This is the first in what will be an ongoing series of blog posts called the “Booze Rules of Social Media” so bookmark this blog, and stay tuned.
The California ABC Act is complicated and contains hundreds of exceptions to the regulatory strictures that have been adopted over the course of the last 60 years. Every time a stakeholder with enough clout gets upset about a provision, another bill is introduced to carve out a special privilege, or to create another crime or restriction. In 1997, the General Counsel of the ABC testified in front of the legislature (in an unsuccessful attempt to encourage reform of the tied-house laws) that there were so many exceptions to the tied house laws that it was almost impossible to navigate them all, much less enforce them. That is even truer today, because none of the exceptions have gone away, and more are created every year, now usually accompanied by byzantine procedures and protocols.
The latest drama in this ongoing saga is the angst created over the course of the last week since the Sacramento Bee and other media covered the story of the ABC accusations against the wineries and breweries who tweeted about the Save-Mart Grape Escape event. See also http://www.beveragelaw.com/booze-rules/2014/11/10/lions-and-tigers-and-tweets-oh-my.
We have been asked if there is any way that retailers and suppliers can jointly promote their events and products through social media under the statutory scheme as it currently exists. The answer is yes. There are many exceptions that permit the promotion of retailers and of events in the ABC Act, depending on the kind of event being promoted and how the advertising is structured. The Act also contains specific exceptions for certain types of events, which will be the subject of later posts.
But are there any general exceptions that would allow suppliers to include retailers in their social media posts and link to retailers who carry their products or who are having events where their products are available or featured?
The answer is yes, if the retailer pays for that post.
The essence of the crime that the ABC charged in the Grape Escape matter is “free advertising” of a retailer. Well, if the advertising had NOT been free then the post could have been lawful. The ABC Act is clear that a retailer may pay for “advertising” in any “publication” of a supplier.
Business and Professions Code Section 25500(f) provides:
“Nothing in this division prohibits the holder of any retail on-sale or off-sale license from purchasing, for fair consideration, advertising in any publication published by any manufacturer, winegrower, manufacturer's agent, rectifier, California winegrower's agent, distiller, bottler, importer, or wholesaler, or any person who directly or indirectly holds the ownership of any interest in the premises of the retail licensee.”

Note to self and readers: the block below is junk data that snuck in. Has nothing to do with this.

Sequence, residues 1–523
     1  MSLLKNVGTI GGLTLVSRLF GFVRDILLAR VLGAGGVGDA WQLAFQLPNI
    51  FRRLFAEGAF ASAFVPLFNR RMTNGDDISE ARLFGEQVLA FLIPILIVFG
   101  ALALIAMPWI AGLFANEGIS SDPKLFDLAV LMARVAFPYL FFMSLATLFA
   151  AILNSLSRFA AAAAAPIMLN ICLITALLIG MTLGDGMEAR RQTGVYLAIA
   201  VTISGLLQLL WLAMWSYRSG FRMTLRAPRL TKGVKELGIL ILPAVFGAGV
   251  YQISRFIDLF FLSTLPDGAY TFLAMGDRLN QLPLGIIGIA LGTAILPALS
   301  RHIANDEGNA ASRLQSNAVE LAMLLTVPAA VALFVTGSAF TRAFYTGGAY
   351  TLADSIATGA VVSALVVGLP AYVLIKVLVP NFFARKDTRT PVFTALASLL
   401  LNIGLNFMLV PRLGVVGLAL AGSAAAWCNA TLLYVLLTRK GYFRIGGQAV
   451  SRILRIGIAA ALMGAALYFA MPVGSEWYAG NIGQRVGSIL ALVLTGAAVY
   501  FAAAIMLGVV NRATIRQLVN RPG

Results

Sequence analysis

This privilege applies to all retailers and all suppliers. Retailers have the right to purchase advertising in any supplier publication as long as the retailer pays “fair consideration” (a subjective test if there ever was one) for the ad. If challenged, the “fair consideration” would need to be proven through records of payment to the “publisher” (in this case the supplier) of the media outlet and proof that the payment was “fair.”
Is a social media post or mention an advertisement? Yes, according to the friendly folks at the TTB, who have clarified that social media is advertising. See TTB Industry Circular 2013-01, available at http://www.ttb.gov/industry_circulars/archives/2013/13-01.html.
The possibilities for cutting through the tied house restrictions are almost unlimited when one thinks them through. For example, the rules against suppliers making “laudatory” statements about retailers and mentioning the retail prices of the alcoholic beverage do not apply to retailer advertisements (because it’s the retailer being laudatory about its own establishment and advertising its own prices). So, for example, a retailer could post an ad on a supplier’s Facebook page that extolled the great selection and prices of the supplier’s products in their store, bar or restaurant. But to establish entitlement to the exception, the post, mention or advertisement must be clearly identified as the retailer’s ad in order to pass muster under Section 25500(f). This would entail some sort of retail disclaimer on the post; perhaps similar to the TTB “responsible advertiser” requirement (See, for example, 27 CFR 4.62(a)).
Would we expect any pushback from the ABC if this exception were more widely used? While we think it’s possible that the ABC would interpret this provision differently, the statute is very clear that retailers may purchase ads in supplier publications even though suppliers do not enjoy the same privilege in retailer publications.
The ABC has always said that they just enforce the law as written. Well, this could be their chance.
WARNING STATEMENT: This post does not constitute legal advice and is intended for informational use and discussion purposes only. Undertake a program like this only after receiving the advice of your counsel and clearing ALL the elements with your counsel.